History and the Global Economic Order

Marc-William Palen
History Department, University of Exeter
Follow on Twitter @MWPalen

According to a longstanding international relations theory, the global economic order is at its most orderly when there’s at least one hegemonic free-trade champion.

As per this theory, Britain took this role upon itself in the mid-nineteenth century, ushering in a brief transatlantic flirtation with trade liberalization and relative hemispheric peace.

The United States was the first major nation to turn against this mid-nineteenth century free-trade epoch. From the Civil War to the Great Depression, the United States instead embarked upon nearly a century of Republican-style economic nationalism, which I’ve explored in my own work.

But this began to change following the Second World War when the United States assumed the mantle of free-trade hegemon. Promising prosperity, profits, and peace to the world, it sought to foster international trade liberalization through supranational initiatives like the International Monetary Fund (1944) and the General Agreement on Tariffs and Trade (1947), the latter of which morphed into the World Trade Organization in 1995.

Well, the times they are a-changing again.

Trump’s fast-developing protectionist and ultra-nationalist “America First” program has signalled that the United States is abdicating its role as free-trade leader. As the New York Times noted earlier this month:

President Trump’s advisers and allies are pushing an ambitious idea: Remake American trade. They are considering sweeping aside decades of policy and rethinking how the United States looks at trade with every country. Essentially, after years of criticizing China and much of Europe for the way they handle imports and exports, these officials want to copy them. This approach could result in higher barriers to imports that would end America’s decades-long status as the world’s most open large economy.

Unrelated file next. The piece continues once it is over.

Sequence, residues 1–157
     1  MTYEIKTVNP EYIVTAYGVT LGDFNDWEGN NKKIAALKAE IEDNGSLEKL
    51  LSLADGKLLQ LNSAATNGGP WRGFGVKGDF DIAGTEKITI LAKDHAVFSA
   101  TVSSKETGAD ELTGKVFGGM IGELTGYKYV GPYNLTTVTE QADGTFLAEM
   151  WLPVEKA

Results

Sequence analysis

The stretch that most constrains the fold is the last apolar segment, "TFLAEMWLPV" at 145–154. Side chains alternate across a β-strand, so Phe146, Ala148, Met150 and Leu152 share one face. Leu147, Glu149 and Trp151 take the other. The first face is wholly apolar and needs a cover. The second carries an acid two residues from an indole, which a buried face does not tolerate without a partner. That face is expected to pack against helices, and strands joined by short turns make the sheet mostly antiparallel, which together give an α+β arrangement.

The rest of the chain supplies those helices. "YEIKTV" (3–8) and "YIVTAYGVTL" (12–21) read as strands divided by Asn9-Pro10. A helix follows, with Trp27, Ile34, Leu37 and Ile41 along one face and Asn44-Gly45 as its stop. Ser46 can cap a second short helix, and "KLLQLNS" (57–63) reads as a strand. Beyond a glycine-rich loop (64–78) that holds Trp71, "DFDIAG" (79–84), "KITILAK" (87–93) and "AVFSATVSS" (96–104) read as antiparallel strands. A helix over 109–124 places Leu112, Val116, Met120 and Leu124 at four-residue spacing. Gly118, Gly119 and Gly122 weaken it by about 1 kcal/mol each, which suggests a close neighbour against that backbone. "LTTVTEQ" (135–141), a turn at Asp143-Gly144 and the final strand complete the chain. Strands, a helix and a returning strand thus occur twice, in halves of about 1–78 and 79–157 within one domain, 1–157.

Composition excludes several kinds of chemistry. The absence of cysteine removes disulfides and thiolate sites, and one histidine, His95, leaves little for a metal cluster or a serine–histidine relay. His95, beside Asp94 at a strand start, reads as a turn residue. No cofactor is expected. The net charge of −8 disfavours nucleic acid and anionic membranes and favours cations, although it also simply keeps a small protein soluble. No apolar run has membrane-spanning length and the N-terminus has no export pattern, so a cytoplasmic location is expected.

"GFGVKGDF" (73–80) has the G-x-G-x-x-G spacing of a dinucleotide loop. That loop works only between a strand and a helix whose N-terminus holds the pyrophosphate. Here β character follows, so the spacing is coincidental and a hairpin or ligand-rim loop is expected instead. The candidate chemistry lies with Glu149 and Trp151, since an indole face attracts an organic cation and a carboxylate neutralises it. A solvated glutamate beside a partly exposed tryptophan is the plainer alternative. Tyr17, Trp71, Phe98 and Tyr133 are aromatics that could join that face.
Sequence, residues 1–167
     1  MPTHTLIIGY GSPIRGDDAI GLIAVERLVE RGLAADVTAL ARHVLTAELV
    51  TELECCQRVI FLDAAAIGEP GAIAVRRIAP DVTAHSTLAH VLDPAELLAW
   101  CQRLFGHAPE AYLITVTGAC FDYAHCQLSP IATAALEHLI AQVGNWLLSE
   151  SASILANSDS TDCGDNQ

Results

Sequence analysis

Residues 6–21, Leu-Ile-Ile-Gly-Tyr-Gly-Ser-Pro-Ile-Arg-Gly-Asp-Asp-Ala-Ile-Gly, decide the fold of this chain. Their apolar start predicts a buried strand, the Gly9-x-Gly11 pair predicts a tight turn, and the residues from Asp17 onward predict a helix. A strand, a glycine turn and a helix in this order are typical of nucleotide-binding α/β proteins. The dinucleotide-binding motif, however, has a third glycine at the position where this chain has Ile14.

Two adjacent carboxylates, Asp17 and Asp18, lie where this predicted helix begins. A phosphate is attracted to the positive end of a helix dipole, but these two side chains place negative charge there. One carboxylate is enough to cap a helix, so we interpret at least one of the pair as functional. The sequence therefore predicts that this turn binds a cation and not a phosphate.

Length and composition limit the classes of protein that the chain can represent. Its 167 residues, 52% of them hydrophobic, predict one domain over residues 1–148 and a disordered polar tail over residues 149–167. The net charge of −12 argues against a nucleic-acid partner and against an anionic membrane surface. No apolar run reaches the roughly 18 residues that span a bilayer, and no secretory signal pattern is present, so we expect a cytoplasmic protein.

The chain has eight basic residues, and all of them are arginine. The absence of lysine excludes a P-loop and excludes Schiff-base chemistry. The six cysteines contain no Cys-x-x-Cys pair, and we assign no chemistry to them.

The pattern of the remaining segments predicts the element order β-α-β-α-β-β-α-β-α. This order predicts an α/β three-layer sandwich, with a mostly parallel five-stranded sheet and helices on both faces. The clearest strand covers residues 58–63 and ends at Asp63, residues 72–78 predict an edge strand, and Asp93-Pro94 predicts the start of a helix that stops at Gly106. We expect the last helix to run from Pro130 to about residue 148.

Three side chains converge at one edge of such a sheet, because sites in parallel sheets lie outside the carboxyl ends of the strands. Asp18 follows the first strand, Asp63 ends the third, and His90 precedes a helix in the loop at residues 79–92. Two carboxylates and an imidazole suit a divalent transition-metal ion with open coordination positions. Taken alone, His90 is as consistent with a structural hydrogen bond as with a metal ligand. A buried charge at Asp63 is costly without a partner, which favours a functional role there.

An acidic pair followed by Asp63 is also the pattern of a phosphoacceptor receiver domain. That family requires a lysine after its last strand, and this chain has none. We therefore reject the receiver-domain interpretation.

The Trump regime’s protectionist trade vision is fast becoming reality.

So what does this mean for the future of the global economic order?

And have we seen all of this before?

Continue reading “History and the Global Economic Order”

Children have long been unfairly hit by US presidential executive orders

Children bear the brunt. EPA/Eugene Garcia
Children bear the brunt. EPA/Eugene Garcia

Rachel Pistol
University of Exeter

Around 75 years ago, in February 1942, US President Franklin Delano Roosevelt signed Executive Order 9066, which led to the forced relocation and internment of more than 110,000 individuals of Japanese ancestry. The majority of them were American citizens, and a large proportion were children.

But unlike President Trump’s 2017 executive order to halt immigration and ban refugees from American soil, Roosevelt’s sweeping political move did not provoke any protest or dissent. Both presidents had mentioned the notion of “national security’ in their orders, and both decrees were said to be aimed at specific national groups. So is President Trump merely copying the policy of one of his more popular predecessors?

From the moment the US entered World War II in late 1941, all “enemy aliens” living in America – German, Austrian, Italian, and Japanese – were subject to restrictions on their freedom. These included the imposition of curfews and a ban on owning radios. So the real significance of EO9066, as it is known, was that it authorised the detention not just of enemy aliens, but also of American citizens. In theory, any American citizen could be relocated by order of the military. Continue reading “Children have long been unfairly hit by US presidential executive orders”

This Week’s Top Picks in Imperial & Global History

Anthony Russo
Anthony Russo

Marc-William Palen
History Department, University of Exeter
Follow on Twitter @MWPalen

From how Muhammad Ali helped globalize Black Power to whether American Samoans are American citizens, a special ‘American Empire’ edition of this week’s top picks in imperial and global history.

Continue reading “This Week’s Top Picks in Imperial & Global History”